Rollers chains, as a mechanical power transmission method, and like any mechanical system, are subject to wear over time and with continued use. Just how much it wears depends on a number of factors including whether or not the chain is properly lubricated and the amount of loading, among other things.
So how does one tell if a roller chain has significant wear and what is too much wear? The best indicator of wear is chain elongation, which in reality indicates how much wear has occurred at the chain’s pins and rollers.
Roller chains eventually wear out to such an extent that they require replacement. A typical benchmark for this is at 1.5 to 2% (12.180 in./ft to 12.240 in./ft) elongation. Chains may work until they reach 3% elongation, but at that point they are at increased risk for suboptimal performance. For example, when chains wear out over time the pitch increases, making them looser and more compliant, which can add instability in the form of play into the system.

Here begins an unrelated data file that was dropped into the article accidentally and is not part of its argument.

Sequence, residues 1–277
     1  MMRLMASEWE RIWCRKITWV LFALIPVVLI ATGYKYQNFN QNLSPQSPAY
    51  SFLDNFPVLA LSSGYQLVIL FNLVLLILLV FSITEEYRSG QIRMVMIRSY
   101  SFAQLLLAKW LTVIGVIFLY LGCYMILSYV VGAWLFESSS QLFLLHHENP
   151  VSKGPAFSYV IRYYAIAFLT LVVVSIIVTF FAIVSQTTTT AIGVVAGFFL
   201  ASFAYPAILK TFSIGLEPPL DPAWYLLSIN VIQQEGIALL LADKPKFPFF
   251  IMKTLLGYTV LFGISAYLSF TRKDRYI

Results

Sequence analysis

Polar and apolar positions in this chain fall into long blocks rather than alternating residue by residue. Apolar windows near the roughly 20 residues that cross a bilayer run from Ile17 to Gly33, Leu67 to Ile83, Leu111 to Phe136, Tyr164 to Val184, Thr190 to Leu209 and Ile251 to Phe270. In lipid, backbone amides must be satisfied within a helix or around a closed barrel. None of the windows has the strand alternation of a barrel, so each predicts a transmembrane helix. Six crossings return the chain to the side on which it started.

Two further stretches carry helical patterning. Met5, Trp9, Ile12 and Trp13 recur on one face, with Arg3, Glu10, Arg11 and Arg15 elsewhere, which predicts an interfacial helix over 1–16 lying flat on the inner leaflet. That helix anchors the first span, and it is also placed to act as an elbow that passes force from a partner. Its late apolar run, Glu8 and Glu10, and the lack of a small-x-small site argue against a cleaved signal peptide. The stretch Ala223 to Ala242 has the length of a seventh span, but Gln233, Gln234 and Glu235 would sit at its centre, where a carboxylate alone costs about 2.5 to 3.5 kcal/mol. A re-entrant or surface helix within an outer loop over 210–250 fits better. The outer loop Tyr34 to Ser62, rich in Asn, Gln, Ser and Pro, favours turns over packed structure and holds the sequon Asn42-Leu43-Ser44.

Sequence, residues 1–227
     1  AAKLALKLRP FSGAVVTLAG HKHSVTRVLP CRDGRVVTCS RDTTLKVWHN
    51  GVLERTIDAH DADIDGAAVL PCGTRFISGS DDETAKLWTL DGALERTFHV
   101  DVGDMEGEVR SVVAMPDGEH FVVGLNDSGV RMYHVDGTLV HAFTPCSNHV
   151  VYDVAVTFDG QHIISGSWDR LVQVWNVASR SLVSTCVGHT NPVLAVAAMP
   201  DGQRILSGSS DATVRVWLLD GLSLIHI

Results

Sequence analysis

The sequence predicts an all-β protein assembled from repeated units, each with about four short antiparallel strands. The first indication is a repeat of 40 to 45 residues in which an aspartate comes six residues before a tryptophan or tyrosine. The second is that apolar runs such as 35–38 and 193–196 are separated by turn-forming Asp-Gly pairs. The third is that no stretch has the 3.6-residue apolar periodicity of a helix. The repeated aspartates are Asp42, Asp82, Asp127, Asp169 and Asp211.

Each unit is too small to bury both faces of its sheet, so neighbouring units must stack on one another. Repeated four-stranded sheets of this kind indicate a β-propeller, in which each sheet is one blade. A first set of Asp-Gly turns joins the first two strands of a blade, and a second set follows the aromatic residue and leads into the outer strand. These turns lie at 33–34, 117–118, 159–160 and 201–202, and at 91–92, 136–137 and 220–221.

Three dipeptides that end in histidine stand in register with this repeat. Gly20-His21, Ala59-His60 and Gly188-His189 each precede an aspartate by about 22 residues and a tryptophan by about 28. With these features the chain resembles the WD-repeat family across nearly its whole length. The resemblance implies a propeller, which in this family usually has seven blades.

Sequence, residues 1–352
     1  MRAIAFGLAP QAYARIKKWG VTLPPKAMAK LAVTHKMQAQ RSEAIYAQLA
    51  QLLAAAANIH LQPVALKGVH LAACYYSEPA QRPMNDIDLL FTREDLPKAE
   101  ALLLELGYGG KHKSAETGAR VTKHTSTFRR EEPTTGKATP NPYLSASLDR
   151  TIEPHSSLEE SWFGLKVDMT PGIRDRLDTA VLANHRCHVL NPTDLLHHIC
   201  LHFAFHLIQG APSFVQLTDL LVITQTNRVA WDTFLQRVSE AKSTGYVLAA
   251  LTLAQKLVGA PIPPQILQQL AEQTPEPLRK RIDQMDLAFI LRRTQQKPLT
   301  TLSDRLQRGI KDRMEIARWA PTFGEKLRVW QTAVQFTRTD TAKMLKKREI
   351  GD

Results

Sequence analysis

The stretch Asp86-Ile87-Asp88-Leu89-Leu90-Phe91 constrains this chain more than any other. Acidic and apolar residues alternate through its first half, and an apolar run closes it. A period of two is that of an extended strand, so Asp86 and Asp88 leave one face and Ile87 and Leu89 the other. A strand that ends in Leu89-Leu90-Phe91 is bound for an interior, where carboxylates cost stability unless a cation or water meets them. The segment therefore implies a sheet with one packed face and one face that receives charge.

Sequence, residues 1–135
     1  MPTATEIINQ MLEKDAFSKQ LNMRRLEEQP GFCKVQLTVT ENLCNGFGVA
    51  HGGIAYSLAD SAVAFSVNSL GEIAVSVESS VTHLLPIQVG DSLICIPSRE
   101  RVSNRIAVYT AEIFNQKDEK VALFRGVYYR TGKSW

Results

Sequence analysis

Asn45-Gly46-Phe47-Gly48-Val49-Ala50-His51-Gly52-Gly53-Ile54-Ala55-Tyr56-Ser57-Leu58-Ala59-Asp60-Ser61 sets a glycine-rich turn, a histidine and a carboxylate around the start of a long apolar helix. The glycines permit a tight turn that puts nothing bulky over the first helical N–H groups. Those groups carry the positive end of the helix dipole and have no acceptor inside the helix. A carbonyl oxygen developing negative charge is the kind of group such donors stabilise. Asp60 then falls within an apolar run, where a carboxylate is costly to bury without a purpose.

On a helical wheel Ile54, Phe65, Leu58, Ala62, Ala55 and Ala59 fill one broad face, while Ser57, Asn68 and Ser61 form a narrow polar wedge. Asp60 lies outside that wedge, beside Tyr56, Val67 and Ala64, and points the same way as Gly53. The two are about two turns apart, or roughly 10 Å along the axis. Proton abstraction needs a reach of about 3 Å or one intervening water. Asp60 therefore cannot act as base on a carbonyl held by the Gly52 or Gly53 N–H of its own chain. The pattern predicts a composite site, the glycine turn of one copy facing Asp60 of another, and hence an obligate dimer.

A simple and effective way to measure chain wear is using a chain-wear indicator. Basically, this is a kind of tool that measures wear in the chain as a function of a gap space between two rollers. The way you use it is to insert the tool (the chain wear indicator or gauge) in the space between two rollers. But first you’ll have to know the ANSI size of the chain you’re using in order to get a proper reading. If the tool stops at the ANSI size and doesn’t slip through, then the chain is still good to be used. If, however, the tool goes past that point and moves towards the next larger size, this is a sign that the chain has stretched beyond its normal level and should be replaced.
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